Ubisoft’s NFT Push is the Latest in a Long Line of Investor-Driven Decisions

Ever since its executives had their first whiff of the sweet smell of microtransactions, there has been a clear contrast between the games Ubisoft is interested in making and those that longtime Ubisoft fans have been asking it to make. The publisher has come a long way from delivering classics like Assassin’s Creed 2 and Far Cry 3, and in the time since, it seems that pleasing shareholders has become their top priority. While this isn’t anything new in the games space, the trend has recently culminated in what very well might turn out to be the breaking point for both Ubisoft and its fans: NFTs.

When it comes to unspoken business philosophy, Ubisoft has a long history of looking around at the economic landscape and scooping up ideas that appear to be making a lot of money elsewhere. This first began with open world games, a genre that some might argue Ubisoft helped perfect before eventually grinding into a monotonous list of chores to complete. Granted that the open world genre was never the company’s sole focus, there’s a pretty clear difference between the innovation of Assassin’s Creed Black Flag, with its streamlined naval combat and exploration, and the gorgeous yet unapologetically oversaturated map of Assassin’s Creed Valhalla. Sure, raiding a village with your viking pals is a lot of fun the first time, but it begins to wear on the dozenth.

After seeing the money being poured into titles like Fortnite and Grand Theft Auto Online, Ubisoft — like many in the industry — decided to try its hand at live service games. According to Bloomberg reporter Jason Schreier on his Triple Click podcast, the next Far Cry game is going to be developed with a completely different direction in mind — and you wouldn’t be going out on a limb to assume what that direction might be. Schreier also reported that the Assassin’s Creed franchise is being reworked into Assassin’s Creed Infinity, a live service platform in the same vein as other massive financial successes like Call of Duty: Warzone.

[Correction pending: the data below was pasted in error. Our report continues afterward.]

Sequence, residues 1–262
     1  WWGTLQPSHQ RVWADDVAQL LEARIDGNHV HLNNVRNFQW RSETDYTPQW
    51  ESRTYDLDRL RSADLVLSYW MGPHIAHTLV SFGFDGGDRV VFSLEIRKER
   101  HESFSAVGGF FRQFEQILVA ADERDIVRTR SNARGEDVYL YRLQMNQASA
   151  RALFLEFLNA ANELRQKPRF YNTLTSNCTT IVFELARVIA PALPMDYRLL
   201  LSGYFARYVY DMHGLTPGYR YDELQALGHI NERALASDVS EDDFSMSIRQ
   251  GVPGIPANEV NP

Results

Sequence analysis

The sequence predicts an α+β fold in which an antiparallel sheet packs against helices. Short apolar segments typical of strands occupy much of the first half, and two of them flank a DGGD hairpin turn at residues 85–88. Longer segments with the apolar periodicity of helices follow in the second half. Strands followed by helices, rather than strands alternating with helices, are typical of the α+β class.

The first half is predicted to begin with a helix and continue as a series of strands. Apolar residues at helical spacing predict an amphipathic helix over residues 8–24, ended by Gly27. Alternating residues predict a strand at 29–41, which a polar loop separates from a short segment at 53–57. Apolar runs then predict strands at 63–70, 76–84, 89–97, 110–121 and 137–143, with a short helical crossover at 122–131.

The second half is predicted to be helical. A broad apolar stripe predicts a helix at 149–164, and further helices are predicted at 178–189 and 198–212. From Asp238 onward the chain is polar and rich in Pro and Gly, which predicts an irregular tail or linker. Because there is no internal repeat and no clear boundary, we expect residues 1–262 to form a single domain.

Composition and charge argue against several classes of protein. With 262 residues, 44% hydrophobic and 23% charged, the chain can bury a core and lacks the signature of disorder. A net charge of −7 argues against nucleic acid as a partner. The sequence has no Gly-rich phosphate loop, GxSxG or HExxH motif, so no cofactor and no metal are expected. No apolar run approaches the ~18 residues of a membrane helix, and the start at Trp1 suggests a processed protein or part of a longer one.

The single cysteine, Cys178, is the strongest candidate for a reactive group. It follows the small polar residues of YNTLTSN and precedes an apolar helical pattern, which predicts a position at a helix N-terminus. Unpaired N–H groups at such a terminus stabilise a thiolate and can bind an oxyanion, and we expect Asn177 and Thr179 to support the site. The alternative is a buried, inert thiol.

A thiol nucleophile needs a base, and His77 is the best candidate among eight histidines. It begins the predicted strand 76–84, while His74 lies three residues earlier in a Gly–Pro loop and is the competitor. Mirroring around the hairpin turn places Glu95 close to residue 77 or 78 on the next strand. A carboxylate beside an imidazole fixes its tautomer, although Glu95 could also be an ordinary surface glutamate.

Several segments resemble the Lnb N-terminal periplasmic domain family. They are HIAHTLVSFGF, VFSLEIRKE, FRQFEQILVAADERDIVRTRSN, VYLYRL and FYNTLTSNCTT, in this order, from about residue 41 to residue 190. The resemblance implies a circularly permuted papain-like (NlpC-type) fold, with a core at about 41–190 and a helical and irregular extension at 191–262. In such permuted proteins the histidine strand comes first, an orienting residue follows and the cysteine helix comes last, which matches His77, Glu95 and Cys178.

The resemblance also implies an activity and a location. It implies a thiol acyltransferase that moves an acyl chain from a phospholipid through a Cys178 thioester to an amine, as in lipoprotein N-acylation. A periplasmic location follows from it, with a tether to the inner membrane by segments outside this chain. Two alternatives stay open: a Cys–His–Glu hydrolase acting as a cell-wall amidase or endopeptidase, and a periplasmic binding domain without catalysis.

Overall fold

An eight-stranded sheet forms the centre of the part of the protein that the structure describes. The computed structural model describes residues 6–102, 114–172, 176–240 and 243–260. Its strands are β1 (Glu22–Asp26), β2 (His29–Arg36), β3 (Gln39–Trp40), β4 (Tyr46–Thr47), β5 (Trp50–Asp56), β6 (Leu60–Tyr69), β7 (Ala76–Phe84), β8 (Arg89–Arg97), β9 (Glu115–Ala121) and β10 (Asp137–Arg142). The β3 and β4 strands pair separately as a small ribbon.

The most painful example of this financially-incentivized transition of beloved IP is the upcoming Tom Clancy’s XDefiant, a free-to-play shooter that, like so many other games of the same nature, is banking on profit through in-game cosmetic purchases. Many have criticized XDefiant for slapping the Tom Clancy name on a generic sci-fi shooter, and a great deal of gamers have called the title out as a soulless cash grab with little to differentiate itself from everything else on the market. As YouTuber BigfryTV put it, “XDefiant looks absolutely terrible and is a slap in the face of Clancy and his original fanbase.”

Modern Day Fool’s Gold

That brings us to Ubisoft’s latest and most shamelessly hopped-on bandwagon, non-fungible tokens (NFTs). Following the massive hype pushing NFTs in 2021, name-dropping the blockchain-enforced concept seems to get shareholders sweating with excitement. Even if it doesn’t make any logistical sense and nobody asked for it, the idea of NFTs in video games sounds so trendy and cutting edge that it seems to be the next big thing for investors.

Environmental and ethical issues aside, there are plenty of reasons why gamers have no interest in seeing NFTs come to their favorite games. It’s already taken players long enough to accept cosmetic microtransactions as an unavoidable capitalist evolution of the industry, and the push for “games as as service” still rankles many. From Oblivion’s infamous $2.50 horse armor back in 2006, to Far Cry 6’s offer of a $20 pirate outfit that ambushes you before you even get past the main menu, games are more aggressive in asking for money in-game than ever.